Thursday, August 2, 2018
NALP data: When there are fewer law school graduates, there are fewer law school graduates with jobs (Michael Simkovic)
NALP entry level starting salaries and employment don't predict much of anything about what will happen three to four years from now when those currently contemplating going to law school will, if they choose to attend, graduate into a quite possibly very different economy. Nor is NALP data directionally very different from overall economic data like the employment population ratio which is released sooner.1 And while those graduating into a stronger economy do earn more (at least for the first few years), these cohort effects fade over time, those who graduate in a recession still benefit from their educations, and attempting to time law school is a money-losing proposition because of the opportunity costs of delay.
Nevertheless, every year NALP data on last year's graduating class is released with great fanfare, including a press release. In news that will surprise no one who has tracked the rise in the overall employment population ratio, it turns out that the class of 2017 had better employment outcomes than other classes since the recession. Or as NALP sexes it up for journalists, "Class of 2017 Notched Best Employment Outcomes Since Recession." (88.6% employed 9 months after graduation for the class for 2017, compared with 87.5% for the Class of 2016).
But, NALP unhelpfully informs us, there's a catch--the total number of law jobs for law graduates was lower even though the employment rate was higher.
This should not surprise anyone who is aware that the number of law school matriculants last peaked in 2010, and graduating class sizes have therefore been falling since 2013. From 1994 through 2015, the correlation between annual % change in graduating class size and annual % change in number of law graduates with jobs has been 0.78 (i.e., class size explains 61 percent of the variation in number of law jobs for recent graduates. (data here) The correlation is even higher since 1999 when reporting started covering a higher percent of the class--0.91 correlation, meaning that class size explains 82% of the variation in the number of law graduates with jobs.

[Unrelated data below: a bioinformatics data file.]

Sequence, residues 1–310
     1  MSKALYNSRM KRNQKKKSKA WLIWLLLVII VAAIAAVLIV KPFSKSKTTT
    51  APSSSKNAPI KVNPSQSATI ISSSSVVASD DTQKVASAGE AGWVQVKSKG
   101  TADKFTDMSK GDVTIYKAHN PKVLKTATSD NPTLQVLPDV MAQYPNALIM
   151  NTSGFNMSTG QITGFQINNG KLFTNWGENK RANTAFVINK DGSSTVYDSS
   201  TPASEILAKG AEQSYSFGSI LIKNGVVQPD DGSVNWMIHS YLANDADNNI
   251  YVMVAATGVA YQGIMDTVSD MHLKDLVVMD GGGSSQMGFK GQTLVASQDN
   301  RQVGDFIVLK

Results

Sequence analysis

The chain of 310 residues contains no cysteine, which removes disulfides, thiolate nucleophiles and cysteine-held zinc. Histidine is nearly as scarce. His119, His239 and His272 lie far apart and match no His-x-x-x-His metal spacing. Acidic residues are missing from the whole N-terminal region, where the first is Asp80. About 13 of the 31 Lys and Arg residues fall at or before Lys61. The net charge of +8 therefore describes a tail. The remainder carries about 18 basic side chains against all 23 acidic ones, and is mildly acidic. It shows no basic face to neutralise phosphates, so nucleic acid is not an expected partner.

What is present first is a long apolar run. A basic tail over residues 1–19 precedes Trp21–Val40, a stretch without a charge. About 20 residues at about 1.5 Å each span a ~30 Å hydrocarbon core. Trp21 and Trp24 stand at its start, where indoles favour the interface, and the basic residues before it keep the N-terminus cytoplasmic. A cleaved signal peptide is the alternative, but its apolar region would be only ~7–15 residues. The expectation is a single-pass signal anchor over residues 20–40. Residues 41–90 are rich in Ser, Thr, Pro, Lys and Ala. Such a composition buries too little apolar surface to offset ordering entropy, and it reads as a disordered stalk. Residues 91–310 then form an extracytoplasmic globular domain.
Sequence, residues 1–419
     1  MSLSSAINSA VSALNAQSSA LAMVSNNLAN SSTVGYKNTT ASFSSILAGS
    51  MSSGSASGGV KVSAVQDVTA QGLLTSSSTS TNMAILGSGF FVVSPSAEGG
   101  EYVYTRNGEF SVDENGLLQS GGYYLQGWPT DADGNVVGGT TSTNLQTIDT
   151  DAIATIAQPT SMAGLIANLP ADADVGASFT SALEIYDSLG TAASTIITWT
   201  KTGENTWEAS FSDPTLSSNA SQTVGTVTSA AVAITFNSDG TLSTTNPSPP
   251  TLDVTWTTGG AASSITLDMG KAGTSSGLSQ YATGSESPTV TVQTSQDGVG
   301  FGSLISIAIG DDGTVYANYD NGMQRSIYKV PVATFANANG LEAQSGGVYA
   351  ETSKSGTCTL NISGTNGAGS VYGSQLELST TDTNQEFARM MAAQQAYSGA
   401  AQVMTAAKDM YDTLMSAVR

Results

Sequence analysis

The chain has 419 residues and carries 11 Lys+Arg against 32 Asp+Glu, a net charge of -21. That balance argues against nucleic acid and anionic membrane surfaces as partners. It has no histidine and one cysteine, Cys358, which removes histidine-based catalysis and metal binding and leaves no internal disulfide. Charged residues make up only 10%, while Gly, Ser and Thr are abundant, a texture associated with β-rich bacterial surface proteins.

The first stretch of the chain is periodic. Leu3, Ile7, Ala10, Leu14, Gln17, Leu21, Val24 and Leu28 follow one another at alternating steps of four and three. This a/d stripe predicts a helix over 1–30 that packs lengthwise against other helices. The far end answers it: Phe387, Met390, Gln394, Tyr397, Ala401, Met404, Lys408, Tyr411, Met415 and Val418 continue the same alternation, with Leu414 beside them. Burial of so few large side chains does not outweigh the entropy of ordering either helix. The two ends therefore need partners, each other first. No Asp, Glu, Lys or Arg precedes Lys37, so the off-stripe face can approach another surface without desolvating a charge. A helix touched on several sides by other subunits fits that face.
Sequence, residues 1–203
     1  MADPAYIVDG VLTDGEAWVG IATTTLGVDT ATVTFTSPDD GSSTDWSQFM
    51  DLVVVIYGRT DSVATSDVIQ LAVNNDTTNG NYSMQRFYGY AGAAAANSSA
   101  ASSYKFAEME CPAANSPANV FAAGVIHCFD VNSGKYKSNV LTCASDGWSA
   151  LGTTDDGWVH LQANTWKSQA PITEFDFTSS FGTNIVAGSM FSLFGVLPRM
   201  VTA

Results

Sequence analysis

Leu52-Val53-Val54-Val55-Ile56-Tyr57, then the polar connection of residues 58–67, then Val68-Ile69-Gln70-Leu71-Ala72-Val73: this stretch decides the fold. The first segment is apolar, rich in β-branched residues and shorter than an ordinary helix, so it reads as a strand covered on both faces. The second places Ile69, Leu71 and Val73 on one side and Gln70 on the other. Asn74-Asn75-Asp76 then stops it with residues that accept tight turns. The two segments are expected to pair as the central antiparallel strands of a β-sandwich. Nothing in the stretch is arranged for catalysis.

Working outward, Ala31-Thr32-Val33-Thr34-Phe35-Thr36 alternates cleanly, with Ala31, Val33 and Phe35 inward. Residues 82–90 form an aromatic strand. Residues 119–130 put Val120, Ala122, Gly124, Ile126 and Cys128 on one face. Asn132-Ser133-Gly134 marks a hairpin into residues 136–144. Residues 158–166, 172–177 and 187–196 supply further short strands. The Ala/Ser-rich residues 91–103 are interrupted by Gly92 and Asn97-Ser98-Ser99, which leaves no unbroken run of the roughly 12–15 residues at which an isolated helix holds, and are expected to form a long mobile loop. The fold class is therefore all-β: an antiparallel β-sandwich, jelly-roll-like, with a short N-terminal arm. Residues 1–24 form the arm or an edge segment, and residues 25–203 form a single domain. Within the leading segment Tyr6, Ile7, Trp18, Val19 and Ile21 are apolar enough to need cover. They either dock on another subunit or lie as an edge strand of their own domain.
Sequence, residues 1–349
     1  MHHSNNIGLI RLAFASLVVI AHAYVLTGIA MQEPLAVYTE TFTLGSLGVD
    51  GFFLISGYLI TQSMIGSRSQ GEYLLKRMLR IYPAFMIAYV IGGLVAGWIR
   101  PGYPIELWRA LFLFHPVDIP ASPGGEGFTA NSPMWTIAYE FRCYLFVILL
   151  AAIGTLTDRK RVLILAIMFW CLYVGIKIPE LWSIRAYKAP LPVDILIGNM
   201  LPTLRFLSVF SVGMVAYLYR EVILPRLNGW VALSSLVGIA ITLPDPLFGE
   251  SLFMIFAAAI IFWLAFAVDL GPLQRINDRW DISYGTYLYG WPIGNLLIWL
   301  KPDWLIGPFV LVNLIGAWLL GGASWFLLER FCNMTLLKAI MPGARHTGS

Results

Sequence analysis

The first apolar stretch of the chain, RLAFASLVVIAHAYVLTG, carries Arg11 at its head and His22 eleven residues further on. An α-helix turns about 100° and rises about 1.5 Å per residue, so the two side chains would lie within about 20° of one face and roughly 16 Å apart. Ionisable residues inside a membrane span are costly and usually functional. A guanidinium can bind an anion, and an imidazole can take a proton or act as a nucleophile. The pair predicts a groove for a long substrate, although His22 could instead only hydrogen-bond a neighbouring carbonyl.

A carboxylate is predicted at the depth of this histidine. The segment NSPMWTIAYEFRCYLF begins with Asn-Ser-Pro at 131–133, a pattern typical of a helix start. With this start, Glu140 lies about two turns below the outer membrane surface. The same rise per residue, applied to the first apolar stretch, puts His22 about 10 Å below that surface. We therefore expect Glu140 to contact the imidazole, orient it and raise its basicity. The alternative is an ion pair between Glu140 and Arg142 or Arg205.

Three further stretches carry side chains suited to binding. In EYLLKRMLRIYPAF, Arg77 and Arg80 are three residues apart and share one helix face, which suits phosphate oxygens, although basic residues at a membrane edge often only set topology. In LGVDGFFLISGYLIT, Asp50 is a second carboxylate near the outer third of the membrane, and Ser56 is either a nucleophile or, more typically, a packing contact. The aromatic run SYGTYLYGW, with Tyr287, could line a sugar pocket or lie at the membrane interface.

There aren't fewer jobs available for lawyers. To the contrary, there are more lawyers working now than there were pre-recession according to both Bureau of Labor Statistics and Census Data (BLS OES, ACS, and CPS). There are fewer recent law graduates working as lawyers because there are fewer recent law graduates.
The employment market for educated workers is large and the number of law graduates is small relative to this market. Law schools are too small to move the market much on the supply side by admitting more or fewer students. Just as the typical investor could sell all of his or her shares of Apple without moving the market for shares of Apple (much less the S&P 500), the typical law school can admit as many or as few students as it wants without changing the overall percent of law graduates who will find jobs. (However, there’s some evidence that at the national level, the share of recent law graduates working as lawyers varies inversely with class size).
The usefulness of NALP data is questionable (at least for many of the uses to which it is often put), but NALP could help by limiting its reporting to employment rates and starting salaries. Discussing changes in the absolute number of law graduates with jobs is simply a confusing ways of telling people that fewer people entered law school 4 years ago than 5 or 6 years ago.
NALP should also contextualize its employment ratios by comparing them to the overall U.S. employment population ratio during the same time period (i.e, March of 2018), which was 60 percent overall, and and 79 percent for those age 25-54 according to BLS and the OECD, compared to 89 percent for recent law graduates, according to NALP.
1 (Similarities are greatest when one restricts it to those who are both young and well-educated using CPS data.
UPDATE: 8/3/2018 The correlations and r-squared were originally reported based on levels rather than % change from previous year. The numbers have been updated to reflect a model based on differencing (% change from prior year), which brings the explanatory power from 1999 forward down from 96 percent to 82 percent.